Allan: Well, that’s going to depend. So, for example, let’s just assume that a situation was that there was a state officer in charge of marriage licenses. The fact that the lawsuit involved only that one person would actually then make it applicable to the entire state because, of course, that’s a state official. In this context marriage licenses are issued by clerks in individual counties. So there isn’t a state-level officer responsible for all of this. So as a technical, very technical, matter, you might be able to say that Pinellas County won’t be bound by this order because the Clerk of Court from Pinellas County wasn’t a technical party to the lawsuit. But in all of the other states with the exception of Kansas in which this issue has come up, officials have simply gone along with the order once it becomes final and not made these extremely technical distinctions about who is actually a party bound by the order.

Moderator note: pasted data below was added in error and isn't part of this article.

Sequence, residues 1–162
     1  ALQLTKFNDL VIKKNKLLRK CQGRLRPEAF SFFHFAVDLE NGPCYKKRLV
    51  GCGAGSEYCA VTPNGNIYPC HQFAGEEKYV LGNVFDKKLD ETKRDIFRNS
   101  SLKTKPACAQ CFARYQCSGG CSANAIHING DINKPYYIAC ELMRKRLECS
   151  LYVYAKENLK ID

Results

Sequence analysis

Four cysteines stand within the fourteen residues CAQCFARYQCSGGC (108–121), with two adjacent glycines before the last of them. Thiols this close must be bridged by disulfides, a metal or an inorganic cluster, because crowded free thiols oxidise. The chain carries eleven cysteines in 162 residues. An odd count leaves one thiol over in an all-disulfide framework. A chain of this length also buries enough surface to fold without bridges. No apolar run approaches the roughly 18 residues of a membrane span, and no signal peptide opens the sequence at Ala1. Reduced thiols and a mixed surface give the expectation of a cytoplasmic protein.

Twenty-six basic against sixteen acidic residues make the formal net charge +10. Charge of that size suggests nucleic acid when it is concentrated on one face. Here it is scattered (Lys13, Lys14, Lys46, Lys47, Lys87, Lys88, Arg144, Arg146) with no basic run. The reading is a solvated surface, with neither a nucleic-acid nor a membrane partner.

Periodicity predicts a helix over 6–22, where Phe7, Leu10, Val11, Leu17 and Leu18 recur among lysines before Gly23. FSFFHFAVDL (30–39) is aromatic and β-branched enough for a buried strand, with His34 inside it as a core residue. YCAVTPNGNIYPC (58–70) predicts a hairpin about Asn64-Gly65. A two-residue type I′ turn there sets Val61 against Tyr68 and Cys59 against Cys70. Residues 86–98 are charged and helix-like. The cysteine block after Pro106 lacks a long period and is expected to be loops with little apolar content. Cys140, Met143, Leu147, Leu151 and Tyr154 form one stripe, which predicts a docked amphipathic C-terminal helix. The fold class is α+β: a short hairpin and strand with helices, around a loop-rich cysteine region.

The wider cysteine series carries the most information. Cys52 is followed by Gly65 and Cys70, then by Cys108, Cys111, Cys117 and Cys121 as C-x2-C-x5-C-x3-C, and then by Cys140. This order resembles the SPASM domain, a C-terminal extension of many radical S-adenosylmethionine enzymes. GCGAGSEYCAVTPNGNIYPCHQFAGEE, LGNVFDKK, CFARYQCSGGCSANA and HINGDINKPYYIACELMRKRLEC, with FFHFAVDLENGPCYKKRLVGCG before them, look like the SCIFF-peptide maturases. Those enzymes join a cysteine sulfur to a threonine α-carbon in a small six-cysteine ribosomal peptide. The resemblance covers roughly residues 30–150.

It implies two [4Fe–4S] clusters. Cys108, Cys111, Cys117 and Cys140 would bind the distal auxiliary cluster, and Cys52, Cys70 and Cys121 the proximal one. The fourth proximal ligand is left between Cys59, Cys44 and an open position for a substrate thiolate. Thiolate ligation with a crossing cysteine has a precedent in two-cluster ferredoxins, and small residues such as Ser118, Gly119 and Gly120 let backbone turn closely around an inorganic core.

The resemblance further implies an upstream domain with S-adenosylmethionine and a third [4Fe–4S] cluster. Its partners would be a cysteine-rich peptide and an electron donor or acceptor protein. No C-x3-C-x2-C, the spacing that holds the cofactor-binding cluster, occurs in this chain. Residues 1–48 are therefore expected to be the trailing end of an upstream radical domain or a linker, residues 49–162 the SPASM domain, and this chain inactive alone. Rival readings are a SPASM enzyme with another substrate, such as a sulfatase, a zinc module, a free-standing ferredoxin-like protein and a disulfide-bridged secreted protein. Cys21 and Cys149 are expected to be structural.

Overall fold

Kinane: And that’s what the lawyers for the clerks of court are saying; they’re advising the clerks of court in the individual counties to not issue licenses on January 6th. Do you think that that was a sound opinion?

Allan: I think that that was a technically defensible legal opinion in the sense that as an extremely technical matter, the clerk of court in Pinellas [County], for example, or Hillsborough [County], is not bound by that order because they weren’t a party. I think that it mistakes the writing on the wall. It is difficult for me to imagine that the Eleventh Circuit Court of Appeals would have refused to extend the stay beyond January 5th if the court was then going to turn around and reverse the order and say that the ban is constitutional. That just seems – not to quote The Princess Bride — but inconceivable to me and what that means, then,  that it is that this is a hyper-technical opinion to clerks and I think it frankly allows clerks to sort of hide behind that opinion.

Kinane: If there is a clerk of court that goes against that advisory opinion by their lawyers and does issue marriage licenses on January 6th what could possibly happen? I mean, could they be arrested?